Plentiful water is important for raspberries from spring until after harvest. Because the root system is in the top two feet of soil, watering regularly is more beneficial than an occasional deep soaking. Raspberries need 1 to 1.5 inches of water per week from flowering until harvest. Use a rain gauge or check reported rainfall, and irrigate accordingly.


All types of raspberries require support to prevent the canes from wind damage, bending over, cracking, and getting out of control. A trellis can be as simple as a couple of posts and twine for a row of plants, or a decorative obelisk, teepee or arbor for individual or mass plantings. Supporting the plants will not only keep them healthier and more productive, it will also keep them looking nice. And don't leave your raspberries all alone: plant sturdy ornamentals like yarrow, echinacea or rudbeckia or perhaps herbs or other edibles like kale alongside your raspberries to create a beautiful mixed garden. These will help support the raspberries and invite beneficial insects into the garden.

Through the seasons

Follow this list of tasks for floricane (summer-bearing) red, yellow, black, and purple raspberries.

Things to do When to do them
For red and yellow raspberries, cut canes back to 4-5 feet tall before growth begins March
For black and purple raspberries, cut side branches back to 12-18 inches; prune all but 4 to 5 canes per hill to the ground March
Plant bare-root transplants as soon as the soil can be worked April, May
Plant potted transplants after threat of frost has passed May, June
Keep an eye out for spider mites and Japanese beetles June through August
Pinch black and purple raspberry cane tips July, August
Harvest July, August
Cut fruit-producing canes to the ground after harvest August
Apply mulch for winter protection November
Set up fence around plants if rabbit damage is expected during winter November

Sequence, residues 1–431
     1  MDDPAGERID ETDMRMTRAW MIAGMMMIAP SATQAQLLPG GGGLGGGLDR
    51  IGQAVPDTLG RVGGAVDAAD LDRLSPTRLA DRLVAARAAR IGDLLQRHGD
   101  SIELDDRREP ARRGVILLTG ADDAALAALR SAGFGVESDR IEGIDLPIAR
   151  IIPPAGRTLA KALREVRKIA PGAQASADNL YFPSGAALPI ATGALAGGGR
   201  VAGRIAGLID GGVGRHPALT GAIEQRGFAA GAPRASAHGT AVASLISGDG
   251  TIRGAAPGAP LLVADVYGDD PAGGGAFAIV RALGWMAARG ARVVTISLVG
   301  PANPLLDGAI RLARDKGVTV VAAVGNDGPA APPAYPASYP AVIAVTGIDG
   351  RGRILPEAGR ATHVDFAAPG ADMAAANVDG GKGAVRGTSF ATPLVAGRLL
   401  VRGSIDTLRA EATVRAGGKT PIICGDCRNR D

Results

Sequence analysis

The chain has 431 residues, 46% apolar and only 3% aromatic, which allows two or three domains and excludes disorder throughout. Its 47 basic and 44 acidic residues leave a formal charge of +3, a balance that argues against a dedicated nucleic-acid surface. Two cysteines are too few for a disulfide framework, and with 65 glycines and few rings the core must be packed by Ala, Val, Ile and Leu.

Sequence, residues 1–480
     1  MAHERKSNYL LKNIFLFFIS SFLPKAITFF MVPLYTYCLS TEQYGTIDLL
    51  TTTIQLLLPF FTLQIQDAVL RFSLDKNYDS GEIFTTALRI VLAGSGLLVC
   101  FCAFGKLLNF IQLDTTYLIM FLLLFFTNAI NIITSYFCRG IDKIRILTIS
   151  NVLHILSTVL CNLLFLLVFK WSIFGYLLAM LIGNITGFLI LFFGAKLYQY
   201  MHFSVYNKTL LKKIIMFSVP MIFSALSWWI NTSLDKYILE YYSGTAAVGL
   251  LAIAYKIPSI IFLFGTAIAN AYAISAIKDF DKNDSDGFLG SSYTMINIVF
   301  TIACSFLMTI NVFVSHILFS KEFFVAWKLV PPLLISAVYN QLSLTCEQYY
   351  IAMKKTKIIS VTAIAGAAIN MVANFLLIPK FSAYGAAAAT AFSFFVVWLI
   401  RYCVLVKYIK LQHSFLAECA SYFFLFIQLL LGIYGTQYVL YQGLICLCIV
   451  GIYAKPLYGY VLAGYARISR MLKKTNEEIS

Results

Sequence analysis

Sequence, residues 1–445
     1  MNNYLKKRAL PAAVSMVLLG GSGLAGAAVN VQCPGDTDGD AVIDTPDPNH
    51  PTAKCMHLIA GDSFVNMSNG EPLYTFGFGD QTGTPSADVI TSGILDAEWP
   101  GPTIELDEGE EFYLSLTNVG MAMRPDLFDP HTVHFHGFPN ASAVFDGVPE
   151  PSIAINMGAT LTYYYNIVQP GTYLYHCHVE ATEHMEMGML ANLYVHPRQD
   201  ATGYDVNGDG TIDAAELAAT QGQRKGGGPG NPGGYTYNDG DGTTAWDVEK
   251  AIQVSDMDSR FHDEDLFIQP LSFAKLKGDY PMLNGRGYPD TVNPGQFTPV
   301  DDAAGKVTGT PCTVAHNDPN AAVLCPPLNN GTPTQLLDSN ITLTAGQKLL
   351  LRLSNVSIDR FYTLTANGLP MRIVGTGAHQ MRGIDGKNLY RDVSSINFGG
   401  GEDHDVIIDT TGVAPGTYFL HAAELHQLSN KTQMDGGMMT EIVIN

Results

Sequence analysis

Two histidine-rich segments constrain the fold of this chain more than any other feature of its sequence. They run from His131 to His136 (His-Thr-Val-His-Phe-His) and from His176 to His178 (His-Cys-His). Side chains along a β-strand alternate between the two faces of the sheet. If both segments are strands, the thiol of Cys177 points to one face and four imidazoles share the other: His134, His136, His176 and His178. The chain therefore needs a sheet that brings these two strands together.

Follow this list of tasks for primocane (fall-bearing) red and yellow raspberries.

Things to do When to do them
For fall-only primocane raspberries, cut all canes to the ground before growth begins March
Plant bare-root transplants as soon as the soil can be worked April, May
Plant potted transplants after threat of frost has passed May, June
Keep an eye out for spider mites and Japanese beetles June through August
Harvest August, September

Fertilizer and mulch

Raspberry plants are heavy feeders and generally need to be fertilized. Composted manure is a good source of nutrients and can be incorporated prior to planting at a rate of 31/2 cubic feet per 100 sq. feet, to improve soil structure and provide nutrients. On established plantings, apply the same rate for continued plant nutrition.

Raspberries enjoy a couple-inch layer of mulch. Good mulches for use in the home garden include leaves, lawn clippings, and wood chips or shavings, because they are usually free of weed seeds.


Keep the area around the base of raspberry plants free of weeds to prevent them having to compete for water and nutrients. Keeping the area weeded will also reduce the potential for insect and disease problems. Remove weeds early and often. A layer of mulch will help control weeds.

Red and yellow raspberry plants send up shoots or suckers in places you would least expect. If you discover suckers outside the area intended for your raspberry plants, cut them to the ground. Remember, those suckers are attached to spreading roots, so it's a good idea to use a shovel to sever the roots. This will likely be a regular task for the raspberry grower.

Insects and other creatures

Raspberries can be damaged by spider mites, aphids, tarnished plant bugs and other insect pests. However, on the scale of the home garden these insects are rarely a problem and are usually managed by keeping the planting area clean and weed-free, maintaining healthy plants, and removing any damaged, dead or infested parts of the plant. If mites or aphids are discovered, a firm spray of water is often all that is needed to dislodge them.

We are starting to see more and more Japanese beetles in the Upper Midwest, and these insects can wreak havoc quickly by chewing on the leaves of raspberry plants, making them look like lace. Damage is obvious, and so are the beetles. They're rather large (about 1/4 to 1/2 inch long), iridescent green and bronze, with a row of little white tufts along their sides. Keep an eye on your plants, and at the first sign take a pail of soapy water into the garden and flick the beetles off the plant into the pail and wait for them to die before disposing. The adult beetles only live for a few weeks from late-June into July. Monitor your plants and destroy beetles during this time, and you should be able to prevent significant damage.

raspberry leaves with holes

Photo by Emily Hoover

Japanese beetle damage on raspberry leaves.

Picnic beetles, also called sap beetles, can become a nuisance soon after berries begin to ripen. They are attracted to all types of overripe fruit, as are wasps. Frequent picking will help reduce the amount of overripe fruit and decrease the area's attractiveness to these insects.